Don't Believe The Hype: You can't blame the Big Blue Nation if it becomes highly skeptical about anything we media types report from UK's closed practices from this point forward. Last year, they were told that the offensive line was the strength of UK's team. The O-Line struggled almost all season long. This year, they were told that, undoubtedly, the defensive line was the strength of his team. If the first game is any indication, that's nowhere close to reality. Simply put, the Cats' D-Line got manhandled in this game. Physically whipped. All. Day. Long. Someone on the UK postgame show suggested the UK defense struggled because it didn't have replacements for Danny Trevathan and Winston Guy. That's not true. Trevathan could have played in that game Sunday, racked up 20 tackles, and the Cats still would have gotten hammered. If the D-Line is getting blown 4 or 5 yards off the ball on every snap, it doesn't matter how good your linebackers are. They're not going to make plays that matter. Same for your DBs, who had to cover for an eternity as Louisville quarterback Teddy Bridgewater surveyed the field for an eternity from the pocket. I believe that the D-Line IS better than what we saw Sunday, but they've got to come out and prove it beginning next week. If they don't, things could get real ugly in the BBN.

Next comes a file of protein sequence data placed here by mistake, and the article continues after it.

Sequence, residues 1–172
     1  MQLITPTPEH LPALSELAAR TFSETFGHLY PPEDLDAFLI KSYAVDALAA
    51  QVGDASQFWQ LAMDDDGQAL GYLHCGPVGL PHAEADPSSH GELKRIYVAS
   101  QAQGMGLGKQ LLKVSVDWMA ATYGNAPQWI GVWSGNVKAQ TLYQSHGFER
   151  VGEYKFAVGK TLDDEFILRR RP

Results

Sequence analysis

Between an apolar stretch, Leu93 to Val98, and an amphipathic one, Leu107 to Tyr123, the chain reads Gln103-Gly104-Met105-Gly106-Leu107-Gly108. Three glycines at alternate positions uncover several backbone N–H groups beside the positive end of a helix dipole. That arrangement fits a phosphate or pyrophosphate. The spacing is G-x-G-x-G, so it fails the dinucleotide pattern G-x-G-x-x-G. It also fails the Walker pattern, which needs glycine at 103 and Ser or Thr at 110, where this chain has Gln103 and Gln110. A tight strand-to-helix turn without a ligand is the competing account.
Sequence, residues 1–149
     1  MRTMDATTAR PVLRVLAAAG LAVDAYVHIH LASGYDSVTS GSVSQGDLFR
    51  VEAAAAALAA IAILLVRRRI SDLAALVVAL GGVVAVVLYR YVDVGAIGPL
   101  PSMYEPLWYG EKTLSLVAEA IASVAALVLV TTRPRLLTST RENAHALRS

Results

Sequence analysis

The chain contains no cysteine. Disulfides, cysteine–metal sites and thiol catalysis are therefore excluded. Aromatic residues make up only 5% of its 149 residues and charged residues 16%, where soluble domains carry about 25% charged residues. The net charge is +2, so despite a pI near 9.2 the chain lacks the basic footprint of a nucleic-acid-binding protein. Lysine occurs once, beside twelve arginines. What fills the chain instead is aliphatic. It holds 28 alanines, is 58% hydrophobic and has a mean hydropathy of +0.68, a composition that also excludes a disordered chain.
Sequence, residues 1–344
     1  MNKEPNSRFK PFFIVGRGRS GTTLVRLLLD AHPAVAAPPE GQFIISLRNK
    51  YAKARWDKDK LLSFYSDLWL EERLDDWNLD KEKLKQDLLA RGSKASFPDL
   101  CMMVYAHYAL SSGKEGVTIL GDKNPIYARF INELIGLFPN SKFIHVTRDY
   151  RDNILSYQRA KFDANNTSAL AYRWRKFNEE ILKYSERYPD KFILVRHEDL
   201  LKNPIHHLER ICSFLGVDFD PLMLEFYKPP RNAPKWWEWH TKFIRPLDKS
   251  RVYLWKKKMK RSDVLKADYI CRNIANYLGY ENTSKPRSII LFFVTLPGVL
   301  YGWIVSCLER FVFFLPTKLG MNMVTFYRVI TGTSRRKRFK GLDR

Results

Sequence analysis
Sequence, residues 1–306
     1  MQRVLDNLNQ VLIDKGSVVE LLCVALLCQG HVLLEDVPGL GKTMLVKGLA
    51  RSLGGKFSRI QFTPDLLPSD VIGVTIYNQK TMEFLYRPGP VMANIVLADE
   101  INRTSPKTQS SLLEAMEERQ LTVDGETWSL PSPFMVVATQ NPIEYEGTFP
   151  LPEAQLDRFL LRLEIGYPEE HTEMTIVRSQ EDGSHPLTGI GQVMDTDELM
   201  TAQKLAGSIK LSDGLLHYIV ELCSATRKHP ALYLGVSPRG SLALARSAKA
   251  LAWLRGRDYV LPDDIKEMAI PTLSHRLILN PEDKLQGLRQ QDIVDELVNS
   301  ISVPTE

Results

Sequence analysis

That being said… The linebacker play was not good. Middle linebacker Avery Williamson was credited with 12 tackles, but to be honest, I can't recall a single one. That either means I wasn't paying close enough attention or none of those stops really mattered. My hunch is that it was the latter, although Williamson was credited with a forced fumble that could have been a key play had the Cats recovered. Meanwhile, the outside linebackers didn't get much accomplished, either. Miles Simpson, Tyler Brause and Malcolm McDuffen had eight tackles between them and frequently struggled in coverage. Rick Minter and Chuck Smith have their work cut out for them this week in practice.

Demarco Where Art Thou? Another guy we heard nothing but rave reviews about this summer was sophomore wideout Demarco Robinson. On Sunday he finished with three catches for only 16 yards. Where was this dynamic playmaker? He finished with the same number of catches and 20 yards less than career backup Aaron Boyd. Not exactly what UK fans had envisioned from those soundbites they heard this summer.

Ball Security: The Cats fumbled twice, losing both in the "red zone" to thwart scoring opportunities, but they could have had four or five on the day. A couple more popped loose along the sidelines and went out of bounds without incident, but will surely have the staff's attention when they review film. UK should have been able to put 24-27 points up in this one.